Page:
Conclusion on chocolate

Dark chocolate has been shown to have positive effects on health from a cocoa content of 70 percent. The higher the cocoa content in the chocolate, the healthier it becomes. However, if you want to benefit from the optimal effect of the cocoa bean, you should switch to raw chocolate - for the sake of your health. You will see that after a short time you will no longer like any other chocolate. With this in mind, we wish you an enjoyable chocolate time).

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  • Mellor DD., Sathyapalan T. et al., "High-cocoa polyphenol-rich chocolate improves HDL cholesterol in Type 2 diabetes patients", Diabet Med. 11/27/2010, (11): 1318-21. (Dark chocolate improves HDL- Cholesterol in type 2 diabetes patients)
  • O. A. Tokede, J. M. Gaziano and L. Djouss, "Effects of cocoa products / dark chocolate on serum lipids: a meta-analysis", European Journal of Clinical Nutrition 65, 879-886, 08.2011, doi: 10.1038 / ejcn.2011.64. (Effects of cocoa products / dark chocolate on serum lipids: a meta-analysis)
  • "Chocolate may be Boon to Pregnant Women, Yale Study Shows", Epidemiology Vol. 19: 459-464, 05.2008 (Chocolate can be a blessing for women)
  • Sorond FA, Hurwitz S et al., Neurovascular coupling, cerebral white matter integrity, and response to cocoa in older people ", Neurology, 2013 (Neurovascular coupling, integrity of white matter and response of older people to cocoa)
  • Nehlig A. et al., "The neuroprotective effects of cocoa flavanol and its influence on cognitive performance.", British Journal of Clinical Pharmacology, Mar 2013, ("Neuroprotective effects of cocoa flavanol and its influence on thought performance")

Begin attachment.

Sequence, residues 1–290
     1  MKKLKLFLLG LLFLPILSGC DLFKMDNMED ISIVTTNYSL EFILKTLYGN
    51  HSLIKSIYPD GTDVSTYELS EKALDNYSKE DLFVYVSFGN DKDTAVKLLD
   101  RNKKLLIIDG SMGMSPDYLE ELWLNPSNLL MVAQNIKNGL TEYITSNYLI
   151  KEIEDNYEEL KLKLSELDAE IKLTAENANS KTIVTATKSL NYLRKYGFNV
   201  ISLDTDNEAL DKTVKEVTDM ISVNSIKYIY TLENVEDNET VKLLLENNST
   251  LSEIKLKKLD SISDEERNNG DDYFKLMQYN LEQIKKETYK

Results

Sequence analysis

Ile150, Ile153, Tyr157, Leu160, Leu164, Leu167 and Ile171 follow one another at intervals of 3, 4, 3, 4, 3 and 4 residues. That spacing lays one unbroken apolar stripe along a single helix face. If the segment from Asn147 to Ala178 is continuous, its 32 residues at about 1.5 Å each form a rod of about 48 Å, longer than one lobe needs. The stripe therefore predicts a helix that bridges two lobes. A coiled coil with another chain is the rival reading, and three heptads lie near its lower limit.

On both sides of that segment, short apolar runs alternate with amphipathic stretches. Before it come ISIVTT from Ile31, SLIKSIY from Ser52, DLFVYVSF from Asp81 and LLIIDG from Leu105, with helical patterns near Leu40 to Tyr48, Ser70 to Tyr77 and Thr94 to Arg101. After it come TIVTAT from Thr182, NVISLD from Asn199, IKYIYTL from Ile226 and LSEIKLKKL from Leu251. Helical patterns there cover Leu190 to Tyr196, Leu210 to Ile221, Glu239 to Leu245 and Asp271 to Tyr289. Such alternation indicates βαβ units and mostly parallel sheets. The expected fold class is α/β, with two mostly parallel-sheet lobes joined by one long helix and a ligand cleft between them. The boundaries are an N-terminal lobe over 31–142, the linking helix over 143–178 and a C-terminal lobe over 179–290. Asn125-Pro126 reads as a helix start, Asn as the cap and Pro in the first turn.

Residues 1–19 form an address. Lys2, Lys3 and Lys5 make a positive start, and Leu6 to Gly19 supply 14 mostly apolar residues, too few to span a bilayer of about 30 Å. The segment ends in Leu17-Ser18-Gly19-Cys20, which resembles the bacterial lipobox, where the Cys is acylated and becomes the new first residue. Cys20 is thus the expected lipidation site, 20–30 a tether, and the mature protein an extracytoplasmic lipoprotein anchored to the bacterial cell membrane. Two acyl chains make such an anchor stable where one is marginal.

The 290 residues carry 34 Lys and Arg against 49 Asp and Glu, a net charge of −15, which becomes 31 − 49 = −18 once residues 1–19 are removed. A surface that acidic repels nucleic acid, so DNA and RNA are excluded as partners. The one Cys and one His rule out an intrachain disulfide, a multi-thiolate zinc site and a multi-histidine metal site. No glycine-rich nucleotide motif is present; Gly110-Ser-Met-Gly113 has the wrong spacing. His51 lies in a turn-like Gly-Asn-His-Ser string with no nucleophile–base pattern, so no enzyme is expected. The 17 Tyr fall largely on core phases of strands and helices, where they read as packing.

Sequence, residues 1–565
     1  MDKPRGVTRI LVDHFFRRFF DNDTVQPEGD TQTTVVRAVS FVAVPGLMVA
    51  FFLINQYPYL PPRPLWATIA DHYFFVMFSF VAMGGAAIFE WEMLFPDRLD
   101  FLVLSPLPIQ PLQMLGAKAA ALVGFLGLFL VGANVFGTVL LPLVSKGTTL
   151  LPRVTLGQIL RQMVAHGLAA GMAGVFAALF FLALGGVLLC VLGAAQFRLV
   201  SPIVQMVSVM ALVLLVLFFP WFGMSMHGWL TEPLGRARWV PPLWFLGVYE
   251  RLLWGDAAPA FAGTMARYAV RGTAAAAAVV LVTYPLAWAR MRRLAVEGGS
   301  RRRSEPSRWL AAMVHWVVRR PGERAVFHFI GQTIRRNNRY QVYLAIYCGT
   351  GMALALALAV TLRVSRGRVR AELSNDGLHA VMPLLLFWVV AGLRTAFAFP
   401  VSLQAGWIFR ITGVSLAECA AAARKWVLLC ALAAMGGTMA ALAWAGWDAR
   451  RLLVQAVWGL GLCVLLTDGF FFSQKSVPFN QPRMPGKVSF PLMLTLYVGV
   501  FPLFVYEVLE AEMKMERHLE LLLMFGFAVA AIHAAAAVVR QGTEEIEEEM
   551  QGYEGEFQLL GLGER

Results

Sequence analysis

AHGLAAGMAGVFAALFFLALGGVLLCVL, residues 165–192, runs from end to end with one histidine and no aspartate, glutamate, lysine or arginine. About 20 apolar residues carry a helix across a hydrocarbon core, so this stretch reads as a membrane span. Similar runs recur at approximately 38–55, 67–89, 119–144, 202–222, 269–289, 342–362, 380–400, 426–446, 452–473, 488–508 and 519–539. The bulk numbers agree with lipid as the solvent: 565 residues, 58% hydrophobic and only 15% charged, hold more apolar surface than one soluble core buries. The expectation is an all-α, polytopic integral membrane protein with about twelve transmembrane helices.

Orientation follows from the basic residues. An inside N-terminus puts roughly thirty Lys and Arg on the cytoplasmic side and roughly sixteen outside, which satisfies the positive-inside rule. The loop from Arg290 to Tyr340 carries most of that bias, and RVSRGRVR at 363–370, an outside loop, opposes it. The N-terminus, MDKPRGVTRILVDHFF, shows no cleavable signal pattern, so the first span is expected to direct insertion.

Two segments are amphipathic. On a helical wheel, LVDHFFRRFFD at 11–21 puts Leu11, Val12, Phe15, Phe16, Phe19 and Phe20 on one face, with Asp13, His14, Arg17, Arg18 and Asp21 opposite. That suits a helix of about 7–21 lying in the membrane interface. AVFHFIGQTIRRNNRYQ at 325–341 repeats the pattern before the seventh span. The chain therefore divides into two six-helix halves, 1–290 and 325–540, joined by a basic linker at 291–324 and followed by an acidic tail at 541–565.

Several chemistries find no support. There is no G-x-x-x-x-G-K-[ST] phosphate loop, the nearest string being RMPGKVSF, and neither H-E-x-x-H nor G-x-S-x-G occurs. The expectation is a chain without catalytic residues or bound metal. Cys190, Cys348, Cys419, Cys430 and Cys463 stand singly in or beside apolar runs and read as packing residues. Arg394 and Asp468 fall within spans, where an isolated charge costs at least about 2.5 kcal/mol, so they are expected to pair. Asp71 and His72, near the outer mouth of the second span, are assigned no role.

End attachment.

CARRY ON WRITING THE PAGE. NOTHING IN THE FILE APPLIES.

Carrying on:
• Andrew P. Neilson et al., "Oligomeric Cocoa Procyanidins Possess Enhanced Bioactivity Compared to Monomeric and Polymeric Cocoa Procyanidins for Preventing the Development of Obesity, Insulin Resistance, and Impaired Glucose Tolerance during High-Fat Feeding," Journal of Agricultural & amp; Food Chemistry, April 2014, ("Oligomeric procyanidins from cocoa have increased bioactivity compared to monomeric and polymeric procyanidins from cocoa in order to prevent obesity, insulin resistance and reduced glucose tolerance in a high-fat diet")
  • Priv. Doz. Diederik Esser et al., "Dark chocolate consumption improves leukocyte adhesion factors and vascular function in overweight men", The FASEB Journal, February 2014, ("The consumption of dark chocolate improves leukocyte adhesion factors and vascular function in overweight men")
  • Dr. Scott A. Small et al., "Enhancing dentate gyrus function with dietary flavanols improves cognition in older adults", Nature Neuroscience, October 2014, ("Improving dentate gyrus function in older adults with the help of dietary flavanols improves intellectual capacity" )
  • Maria Moore et al., "Precise reason for health benefits of dark chocolate: Thank hungry gut microbes.", American Chemical Society, March 2014 ("Precise reason for health benefits of dark chocolate: thanks to hungry digestive bacteria")

Notice on health issues

This information is passed to the best of my knowledge and belief. They are intended exclusively for those interested and for further training and are in no way to be understood as diagnostic or therapeutic instructions. We do not assume any liability for damages of any kind that arise directly or indirectly from the use of the information. If you suspect illness, please consult your doctor or alternative practitioner